France and Spain have shared grapevines and talent for years. This relationship is most evident in places such as Jumilla in the southeast of Spain and Priorat in the north, whose grapes are used in Bordeaux blends.
While Spain has its share of indigenous wine grapes, some of the most-used ones are well-known varieties simply sporting a local name. What’s known as grenache on one side of the Pyrenees is garnacha on the other. The red grape known as monastrell on the Iberian peninsula is mourvèdre in France.
Jumilla isn’t the easiest Spanish word for an English speaker to pronounce correctly. The “j” is pronounced like an “h” in English, and the “ll” pronounced like “y” (so “Jumilla” sounds like “who-ME-ya”). The area near Murcia is a bit inland from the Mediterranean Sea on bench lands as the altitude climbs.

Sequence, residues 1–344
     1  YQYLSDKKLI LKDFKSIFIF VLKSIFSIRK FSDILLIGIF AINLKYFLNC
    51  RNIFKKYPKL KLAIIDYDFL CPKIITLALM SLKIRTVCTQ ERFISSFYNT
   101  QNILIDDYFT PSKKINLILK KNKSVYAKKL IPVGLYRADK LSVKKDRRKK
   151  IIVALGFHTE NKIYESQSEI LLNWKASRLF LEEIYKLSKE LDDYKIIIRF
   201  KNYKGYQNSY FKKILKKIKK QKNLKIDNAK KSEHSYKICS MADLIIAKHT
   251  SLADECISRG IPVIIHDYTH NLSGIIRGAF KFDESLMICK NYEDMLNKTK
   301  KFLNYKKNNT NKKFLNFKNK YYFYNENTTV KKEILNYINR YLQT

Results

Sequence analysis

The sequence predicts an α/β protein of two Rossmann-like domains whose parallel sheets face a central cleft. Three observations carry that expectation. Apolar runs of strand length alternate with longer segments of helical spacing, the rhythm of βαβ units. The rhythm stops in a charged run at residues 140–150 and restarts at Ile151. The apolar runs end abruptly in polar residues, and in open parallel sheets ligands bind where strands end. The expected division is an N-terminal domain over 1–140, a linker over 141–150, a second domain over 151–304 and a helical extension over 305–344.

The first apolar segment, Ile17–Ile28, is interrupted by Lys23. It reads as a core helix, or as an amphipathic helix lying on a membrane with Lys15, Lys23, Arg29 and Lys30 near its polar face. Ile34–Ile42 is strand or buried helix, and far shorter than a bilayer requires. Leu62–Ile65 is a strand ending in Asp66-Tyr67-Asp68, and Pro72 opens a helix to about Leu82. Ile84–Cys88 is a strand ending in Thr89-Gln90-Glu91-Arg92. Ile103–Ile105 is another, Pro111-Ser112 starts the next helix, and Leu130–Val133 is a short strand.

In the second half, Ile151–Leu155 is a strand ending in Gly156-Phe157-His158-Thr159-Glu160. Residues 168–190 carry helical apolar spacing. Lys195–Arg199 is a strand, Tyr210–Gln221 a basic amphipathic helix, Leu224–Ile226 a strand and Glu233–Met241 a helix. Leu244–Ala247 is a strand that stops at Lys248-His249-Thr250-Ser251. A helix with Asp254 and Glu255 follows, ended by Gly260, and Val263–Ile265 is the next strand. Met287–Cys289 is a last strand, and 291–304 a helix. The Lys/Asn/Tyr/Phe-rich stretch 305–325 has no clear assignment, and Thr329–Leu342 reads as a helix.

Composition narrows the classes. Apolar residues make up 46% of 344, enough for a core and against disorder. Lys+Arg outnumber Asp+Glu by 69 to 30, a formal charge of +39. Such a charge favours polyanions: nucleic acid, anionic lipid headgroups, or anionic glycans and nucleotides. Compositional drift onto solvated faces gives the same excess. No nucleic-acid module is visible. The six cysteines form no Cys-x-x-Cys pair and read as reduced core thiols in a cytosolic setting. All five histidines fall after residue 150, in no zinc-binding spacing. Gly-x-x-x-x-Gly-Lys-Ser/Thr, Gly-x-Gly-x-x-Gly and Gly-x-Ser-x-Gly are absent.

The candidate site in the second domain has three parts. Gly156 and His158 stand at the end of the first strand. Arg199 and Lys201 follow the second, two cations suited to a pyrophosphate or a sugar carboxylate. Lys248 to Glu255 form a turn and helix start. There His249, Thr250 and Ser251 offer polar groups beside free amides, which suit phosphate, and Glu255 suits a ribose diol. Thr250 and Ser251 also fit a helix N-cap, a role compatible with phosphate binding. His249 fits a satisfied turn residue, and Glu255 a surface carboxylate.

A region hoping to gain a foothold in the market, Jumilla produces wines that are competitively priced and well-made. We get a few in Pennsylvania, and I recently tried two monastrell-dominated blends from Bodegas Ego, a seven-year-old operation that was able to launch with a modern approach, eye-catching labels and solid, affordable wines with big flavors.
Bodega Ego Infinito 2015 shows character of black fruit, anise and tobacco to make for a big wine. $17.
Bodegas Ego Fuerza Jumilla 2015 is blend of monastrell and cabernet sauvignon aged for 12 months in oak barrels — quite a treatment for a $10 wine. It smells of cola and blackberry with flavors of dark fruits. This textured wine ends on a savory, spicy note. $10.
GRADE: Exceptional ★★★★★, Above average ★★★★, Good ★★★, Below average ★★, Poor ★.
David Falchek executive director of the American Wine Society, reviews wines each week. Contact: firstname.lastname@example.org